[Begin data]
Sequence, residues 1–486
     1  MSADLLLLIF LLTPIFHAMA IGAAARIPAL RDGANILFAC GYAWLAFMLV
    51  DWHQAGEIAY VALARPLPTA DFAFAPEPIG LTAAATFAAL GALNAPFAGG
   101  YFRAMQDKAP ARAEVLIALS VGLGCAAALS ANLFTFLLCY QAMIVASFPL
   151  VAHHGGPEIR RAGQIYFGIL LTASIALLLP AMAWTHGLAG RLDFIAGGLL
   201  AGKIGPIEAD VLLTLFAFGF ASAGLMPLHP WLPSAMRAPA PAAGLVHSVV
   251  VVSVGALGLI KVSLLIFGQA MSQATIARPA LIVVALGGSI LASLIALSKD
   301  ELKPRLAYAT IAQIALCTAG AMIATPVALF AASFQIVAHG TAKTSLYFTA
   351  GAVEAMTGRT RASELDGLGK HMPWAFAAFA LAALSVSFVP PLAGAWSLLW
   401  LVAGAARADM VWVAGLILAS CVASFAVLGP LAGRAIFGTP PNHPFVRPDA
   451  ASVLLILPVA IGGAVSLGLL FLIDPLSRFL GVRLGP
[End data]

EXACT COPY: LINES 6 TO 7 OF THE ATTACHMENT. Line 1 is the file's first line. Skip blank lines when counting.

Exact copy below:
   201  AGKIGPIEAD VLLTLFAFGF ASAGLMPLHP WLPSAMRAPA PAAGLVHSVV
   251  VVSVGALGLI KVSLLIFGQA MSQATIARPA LIVVALGGSI LASLIALSKD